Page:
- Adjust your moral compass
He is the economist credited with having the most influence on the Archbishop of Canterbury. And Paul Dembinski is clear that regulation is not enough to improve banking - a fundamental cultural shift is needed
- Home News
- World News
- Parish Practice
- Letters Extra
- The living Spirit
- Bishop attacks Cameron’s ‘hostile’ migrant rhetoric as Church ramps up efforts to help those sleeping rough in Calais camps
- Planned Parenthood under spotlight as cardinal laments ‘throwaway culture’
- Cardinal hopes gay Masses can be rolled out throughout Church in England and Wales
- New York cardinal clashes with Republican hopeful Donald Trump over immigrants
- If I reject David Cameron’s values, am I an extremist? Laura Keynes
- Tangle of alliances is throttling Middle East’s Christians John Eibner
- The problem for Catholics with the new UN poverty reduction targets Dr Gillian Paterson
Pope Francis placed 124 Korean martyrs on the last step toward sainthood in a beatification Mass today that brought elation to the 800,000 people in attendance.
The sun was searing as Bishop Francis Ahn Myong-ok of Masan, president of the commission for the beatification, asked the pope to pronounce the martyrs blessed. After hearing a brief collective biography of 124 of the original founders of the Korean Catholic Church, Pope Francis pronounced the formula of beatification.
With his words, trumpets blared and a huge swath depicting a watercolor of the newly blessed martyrs in heaven was unfurled on the side of a large building facing the square where the faithful gathered. People laughed and cheered as the image also popped up on the giant video monitors along the more than one-mile stretch.
"It was very great to see Papa Francis," Sophia Moon, 26, told Catholic News Service. "He was very touching to us because in Korea there have been very hard times and there were (people who became martyrs)."
The 124 were killed for their beliefs, setting off a 100-year period in the 18th and 19th centuries when the Korean government went after about 10,000 faithful who pledged filial piety to God, not the king of Joseon. Among this group was Paul Yun Ji-Chung, the very first Korean to be executed for his faith after he buried his mother using Catholic rites that completely went against the norms of the heavily Confucian society.
In his homily, the pope said, "So often we today can find our faith challenged by the world, and in countless ways we are asked to compromise our faith, to water down the radical demands of the Gospel and to conform to the spirit of this age."
"Yet the martyrs call out to us to put Christ first and to see all else in this world in relation to him and his eternal kingdom. They challenge us to think about what, if anything, we ourselves would be willing to die for," he said.
Seyeon Jeong, 26, told Catholic News Service she had an 18th-century ancestor who "actually sacrificed himself as a Catholic" but was not among the newly blessed.
"I was born a Catholic and I have been living as a Catholic, but through this Mass I can actually realize the meaning, I mean the full meaning of what the sacrifice meant here," she said. "I could actually feel my ancestor's spirit."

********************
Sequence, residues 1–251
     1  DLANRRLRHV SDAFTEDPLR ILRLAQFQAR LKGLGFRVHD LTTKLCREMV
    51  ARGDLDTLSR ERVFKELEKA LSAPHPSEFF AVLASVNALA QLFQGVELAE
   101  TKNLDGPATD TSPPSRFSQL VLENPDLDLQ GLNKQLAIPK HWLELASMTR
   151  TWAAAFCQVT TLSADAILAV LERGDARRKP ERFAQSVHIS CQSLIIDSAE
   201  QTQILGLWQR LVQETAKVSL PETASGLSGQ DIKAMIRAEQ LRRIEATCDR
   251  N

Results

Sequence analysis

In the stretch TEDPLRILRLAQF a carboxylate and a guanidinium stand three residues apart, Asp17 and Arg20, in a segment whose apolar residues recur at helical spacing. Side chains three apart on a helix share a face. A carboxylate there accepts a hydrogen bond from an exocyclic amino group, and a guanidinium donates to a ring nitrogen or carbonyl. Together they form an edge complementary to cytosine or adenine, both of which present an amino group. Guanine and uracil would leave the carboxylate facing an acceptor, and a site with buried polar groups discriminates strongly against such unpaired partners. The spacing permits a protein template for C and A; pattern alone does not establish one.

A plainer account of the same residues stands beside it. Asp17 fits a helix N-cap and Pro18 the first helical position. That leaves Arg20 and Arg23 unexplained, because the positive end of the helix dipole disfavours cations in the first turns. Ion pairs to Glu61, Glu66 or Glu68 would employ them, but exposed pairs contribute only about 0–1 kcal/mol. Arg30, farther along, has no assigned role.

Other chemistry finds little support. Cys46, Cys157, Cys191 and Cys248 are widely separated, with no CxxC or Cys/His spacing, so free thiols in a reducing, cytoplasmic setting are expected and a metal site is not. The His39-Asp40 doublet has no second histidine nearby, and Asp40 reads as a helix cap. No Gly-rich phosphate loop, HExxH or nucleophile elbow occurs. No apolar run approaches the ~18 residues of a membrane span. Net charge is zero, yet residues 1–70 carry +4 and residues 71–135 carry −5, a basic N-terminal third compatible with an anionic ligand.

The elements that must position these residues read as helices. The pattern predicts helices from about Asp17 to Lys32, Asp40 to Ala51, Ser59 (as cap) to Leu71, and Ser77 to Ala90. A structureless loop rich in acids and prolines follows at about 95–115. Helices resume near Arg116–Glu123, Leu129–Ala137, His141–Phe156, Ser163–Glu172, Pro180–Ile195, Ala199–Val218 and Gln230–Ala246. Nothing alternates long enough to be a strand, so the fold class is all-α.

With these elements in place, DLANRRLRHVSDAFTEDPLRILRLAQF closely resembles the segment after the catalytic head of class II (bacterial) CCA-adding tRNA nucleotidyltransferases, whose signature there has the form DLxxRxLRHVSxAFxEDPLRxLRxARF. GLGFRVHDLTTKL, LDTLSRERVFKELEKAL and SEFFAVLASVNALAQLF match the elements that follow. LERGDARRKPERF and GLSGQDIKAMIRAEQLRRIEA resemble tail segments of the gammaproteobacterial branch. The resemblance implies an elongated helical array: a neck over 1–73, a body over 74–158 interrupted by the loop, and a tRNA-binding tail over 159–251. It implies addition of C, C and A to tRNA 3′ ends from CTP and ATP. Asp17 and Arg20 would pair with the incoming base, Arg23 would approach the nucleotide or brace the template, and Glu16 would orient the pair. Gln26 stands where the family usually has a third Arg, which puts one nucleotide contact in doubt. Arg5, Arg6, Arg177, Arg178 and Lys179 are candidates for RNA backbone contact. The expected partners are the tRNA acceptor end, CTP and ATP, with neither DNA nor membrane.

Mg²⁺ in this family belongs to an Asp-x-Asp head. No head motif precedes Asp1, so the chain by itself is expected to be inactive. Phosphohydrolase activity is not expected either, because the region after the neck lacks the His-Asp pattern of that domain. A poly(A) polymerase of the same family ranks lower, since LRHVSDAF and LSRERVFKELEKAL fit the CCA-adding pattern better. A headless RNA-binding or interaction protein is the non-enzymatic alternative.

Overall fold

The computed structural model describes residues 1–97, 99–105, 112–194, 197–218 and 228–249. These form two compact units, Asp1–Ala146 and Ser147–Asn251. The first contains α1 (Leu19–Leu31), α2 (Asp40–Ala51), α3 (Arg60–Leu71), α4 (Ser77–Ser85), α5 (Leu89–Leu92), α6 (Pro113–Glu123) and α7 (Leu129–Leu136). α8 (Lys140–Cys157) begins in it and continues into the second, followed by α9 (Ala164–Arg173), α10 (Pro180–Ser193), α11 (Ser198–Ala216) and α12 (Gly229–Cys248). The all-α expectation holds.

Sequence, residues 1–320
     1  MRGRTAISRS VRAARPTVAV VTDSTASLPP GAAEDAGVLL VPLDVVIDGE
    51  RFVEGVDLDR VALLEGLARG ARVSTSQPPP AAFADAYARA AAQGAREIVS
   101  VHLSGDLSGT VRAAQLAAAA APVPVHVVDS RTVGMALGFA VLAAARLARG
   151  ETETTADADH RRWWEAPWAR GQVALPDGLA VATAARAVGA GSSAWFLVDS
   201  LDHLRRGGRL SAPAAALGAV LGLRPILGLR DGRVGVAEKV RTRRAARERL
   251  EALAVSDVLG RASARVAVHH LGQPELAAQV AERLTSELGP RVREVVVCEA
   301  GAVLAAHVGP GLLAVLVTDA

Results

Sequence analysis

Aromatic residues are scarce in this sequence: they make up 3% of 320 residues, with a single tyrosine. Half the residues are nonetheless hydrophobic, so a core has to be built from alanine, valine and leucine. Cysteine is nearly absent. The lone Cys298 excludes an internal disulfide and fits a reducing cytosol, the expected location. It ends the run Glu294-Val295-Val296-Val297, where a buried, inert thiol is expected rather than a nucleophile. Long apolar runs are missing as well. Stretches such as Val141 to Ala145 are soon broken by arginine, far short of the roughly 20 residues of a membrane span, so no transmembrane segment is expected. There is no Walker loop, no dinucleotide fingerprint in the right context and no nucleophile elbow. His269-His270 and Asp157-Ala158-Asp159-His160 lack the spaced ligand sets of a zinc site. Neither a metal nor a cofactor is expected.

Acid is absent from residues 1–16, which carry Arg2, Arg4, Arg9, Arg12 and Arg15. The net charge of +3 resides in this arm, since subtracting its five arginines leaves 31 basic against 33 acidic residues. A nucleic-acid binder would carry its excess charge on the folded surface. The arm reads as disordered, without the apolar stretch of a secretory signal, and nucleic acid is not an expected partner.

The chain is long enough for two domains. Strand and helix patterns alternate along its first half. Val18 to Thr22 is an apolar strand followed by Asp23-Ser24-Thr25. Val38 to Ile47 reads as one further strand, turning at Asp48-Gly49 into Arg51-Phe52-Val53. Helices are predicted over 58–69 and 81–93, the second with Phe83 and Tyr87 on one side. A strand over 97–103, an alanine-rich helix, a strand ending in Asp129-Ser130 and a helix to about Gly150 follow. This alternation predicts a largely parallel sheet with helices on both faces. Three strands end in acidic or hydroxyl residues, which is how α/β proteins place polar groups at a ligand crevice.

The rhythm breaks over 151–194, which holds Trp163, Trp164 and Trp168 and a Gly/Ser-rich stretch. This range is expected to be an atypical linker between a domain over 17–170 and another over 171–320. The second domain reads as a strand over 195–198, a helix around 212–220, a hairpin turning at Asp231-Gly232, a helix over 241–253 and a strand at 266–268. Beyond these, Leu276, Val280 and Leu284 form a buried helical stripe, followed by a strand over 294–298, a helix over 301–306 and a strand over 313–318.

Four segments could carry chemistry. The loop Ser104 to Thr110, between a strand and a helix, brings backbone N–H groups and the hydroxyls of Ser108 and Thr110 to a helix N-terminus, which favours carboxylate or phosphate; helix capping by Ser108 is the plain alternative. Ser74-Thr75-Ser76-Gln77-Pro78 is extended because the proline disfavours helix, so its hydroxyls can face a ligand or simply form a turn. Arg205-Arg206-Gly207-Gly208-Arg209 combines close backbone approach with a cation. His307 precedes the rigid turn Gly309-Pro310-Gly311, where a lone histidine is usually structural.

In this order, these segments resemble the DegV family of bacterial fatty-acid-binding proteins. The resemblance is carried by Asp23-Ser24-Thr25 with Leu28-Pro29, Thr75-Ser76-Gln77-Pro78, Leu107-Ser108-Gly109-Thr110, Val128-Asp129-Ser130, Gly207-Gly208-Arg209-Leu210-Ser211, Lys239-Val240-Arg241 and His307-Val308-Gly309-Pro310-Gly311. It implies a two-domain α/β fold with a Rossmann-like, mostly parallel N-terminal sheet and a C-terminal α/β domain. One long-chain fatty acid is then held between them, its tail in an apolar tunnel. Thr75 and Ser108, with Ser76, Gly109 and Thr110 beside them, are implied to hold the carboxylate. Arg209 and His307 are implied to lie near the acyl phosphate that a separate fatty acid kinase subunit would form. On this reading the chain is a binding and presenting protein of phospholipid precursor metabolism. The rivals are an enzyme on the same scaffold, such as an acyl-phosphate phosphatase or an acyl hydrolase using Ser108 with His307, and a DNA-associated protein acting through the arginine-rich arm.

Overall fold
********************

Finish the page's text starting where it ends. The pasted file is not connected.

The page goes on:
Pope Francis credited the martyrs with showing the "importance of charity in the life of faith," since their belief in the "equal dignity of all the baptized" led them to challenge the "rigid social structures of their day."
Moments before the Mass, the pope personally greeted the faithful as he traveled via popemobile along the stretch from Seoul's City Hall to Geongbok Palace, the backdrop of a temporary altar. Geongbok is described by South Korea's tourism bureau as the grandest of the Joseon-era palaces.
Among those who attended the Mass were about 300 U.S. military personnel and 400 family members of the victims of the Sewol ferry accident, which left more than 300 dead in April.
The Sewol group had been protesting at the square for weeks, demanding that a special law be passed for an independent investigation into the accident. They were determined to remain during the beatification Mass in hopes of an encounter with the pope. After days of negotiations, the committee handling the pope's visit granted access, and they got their wish.
When Pope Francis swung by on the popemobile, many called out to him, pointing at the family members and one grieving father who had been on a hunger strike for more than a month.
Kim Young-oh, father of a teenage girl who died in the capsized ferry, told CNS the pope grabbed his hands and, because a fence separated them and he could not hug the pope, he laid his forehead twice on the pope's hands.
Kim said he asked to give him a letter and the pope nodded and tucked it into his cassock.
"I was really prepared to meet the pope and (spell) out that there is a strong need for this bill, and we're really fighting for this bill," said Kim through an interpreter. "And after this long time on this (hunger) strike I kind of succeeded (by) meeting the point person. I saw real hope."
Above: Pope Francis celebrates beatification Mass of 124 Korean martyrs. Photo: CNS photo/Paul Haring